[Launch] I started a BJJ gym in San Francisco

This was probably one of the worst decisions I have ever made as an entrepreneur or small business owner, but on June 15th 2021 I started a Brazilian Jiu Jitsu gym in San Francisco.

Usually when I launch a new venture there are dreams of what it might become some day, how I could possibly conquer the world.

For Growth Jiu Jitsu, there are no dreams of a multi million dollar business. Only distant hopes of not being a ginormous money pit.

This post is both about my jiu jitsu gym, but also about the lessons of growth I have learned over the last few years.

Obsession

About 3 years ago I was getting fat. Like really fat. I tried to go to the gym, and it just didn’t stick. Biking was boring. Running was boring. Lifting weights was boring.

In a desperation to reclaim control over my body, I signed up for a trial class at a local BJJ gym.

A 120 pound blue belt named Sarah proceeded to murder me mercilessly over the course of a 5 minute sparring session, and I was immediately hooked. BJJ has a way of taking away all of the bullshit you build up in your head. You can either fight, or you can’t. You can win, or you can’t.

It was an instant obsession.

And this brings me to the first lesson I learned from this martial art. Follow your obsessions.

Going to the gym isn’t a chore. It’s not something I have to hype myself up for. It’s not something I force myself to do. It’s something that I am obsessed about. This obsession drives me forwards in ways that I will never get out of simply running or biking or lifting weights.

There is a dichotomy of “do things that suck” and “follow your passion”. Both are important, but I want to highlight a real key in following your passion/obsessions.

Finding things you are obsessed about, allows you to suffer the things that suck.

I started eating better, to be better at BJJ. I started sleeping better, to be better at BJJ. I started taking the right vitamins & supplements, I started lifting weights, I started running. Finding my “why” provided me with the motivation to do the things I couldn’t bring myself to do.

I have since translated this philosophy into my professional life. I am the Head of Growth for a tech startup right now, and I am obsessed with my job. Not for money, not for the approval of my peers, but because I have the opportunity to become the best in the world at what I do.

Please forgive the “non-humble” goal, but fuck creating a goal post that is anything less than becoming the absolute best version of myself that I can be.

Decades

After dedicating 3 years of my life training 3-5x a week, I have now wracked up over 500 hours of time on the mats training BJJ. I have gone to over 5 tournaments, sparred hundreds of time during training, and now I am the blue belt that murders beginners who are much larger than me.

And still, I am a blue belt. A beginner. There is still a purple, brown, and then black belt ahead of me.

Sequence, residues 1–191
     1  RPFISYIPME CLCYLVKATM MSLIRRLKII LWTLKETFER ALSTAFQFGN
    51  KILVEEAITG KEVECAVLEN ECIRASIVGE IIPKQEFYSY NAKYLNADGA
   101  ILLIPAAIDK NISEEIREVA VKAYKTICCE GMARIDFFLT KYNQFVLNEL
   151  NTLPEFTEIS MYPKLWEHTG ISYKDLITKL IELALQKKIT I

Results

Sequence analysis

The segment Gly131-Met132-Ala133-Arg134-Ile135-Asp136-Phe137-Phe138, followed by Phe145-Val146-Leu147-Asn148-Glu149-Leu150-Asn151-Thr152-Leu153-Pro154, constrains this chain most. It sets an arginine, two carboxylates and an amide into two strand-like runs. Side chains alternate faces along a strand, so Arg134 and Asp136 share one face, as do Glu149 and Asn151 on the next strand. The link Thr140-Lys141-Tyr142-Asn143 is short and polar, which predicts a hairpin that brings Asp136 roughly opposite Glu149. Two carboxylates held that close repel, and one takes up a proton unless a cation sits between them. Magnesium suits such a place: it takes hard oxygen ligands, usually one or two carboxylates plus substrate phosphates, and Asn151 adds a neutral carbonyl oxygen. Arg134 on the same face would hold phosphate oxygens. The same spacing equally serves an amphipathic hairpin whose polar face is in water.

I am drastically better than new people who walk in the gym. I am drastically better than myself 3 years ago. So why is it that I am still 9 years of consistent training away from obtaining a black belt?

After all, my cousins kids got their karate black belt in 3 years, and they are 14 year olds, not a 27 year old man.

The second lesson I’ve learned from BJJ, is time. Decades of time.

People wake up early for a few weeks and think they’ve earned something. We want to “get rich fast”, to master a skill in 20 hours. Imagine what you could become if you did what you knew you needed to do. Not over the course of a month or a year or 4 years, but decade after decade after decade.

BJJ taught me that I am not hot shit. I am not good enough. I am talented, maybe even better than many others in many ways, but I am not better than the person I could become if I put in the work for 10+ years.

The competition is only against myself, the maximum potential of the person I could become if I was willing to put in the work for decades to come.

Balance

I hated the word balance for a long, long time. Once in my early twenties a therapist told me I needed more balance in my life. Stop working on my startups as much, go on a bike ride. Go hiking. Find something else to do.

I told him I have 0 interest in finding balance. I was an obsessed person who was chasing his obsessions.

The Greeks talk a lot about mastery over both the mind and the body. Personally I am a strong believer that the body is a reflection of your mind. Eventually I did find balance, but it was not by going on bike rides or spending more time with my family.

I am a human that is filled with obsessions.

To balance my obsession with work, I counter balanced it with my obsession over BJJ.

A luke warm activity will not balance out a life consuming obsession. The only way for me to split my time into different activities, was by finding pulls that are equally as strong.

So now I am obsessed with improving both my mind and body. With becoming the absolute best version of myself that I can be, in all ways. Balance.

An Unprofitable Endeavor

My jiu jitsu gym is a chance to build a community with people that I care about. To create a culture that is welcoming, friendly, and authentic. A chance to balance out my obsession with growth, to indulge in a different kind of obsession over growth.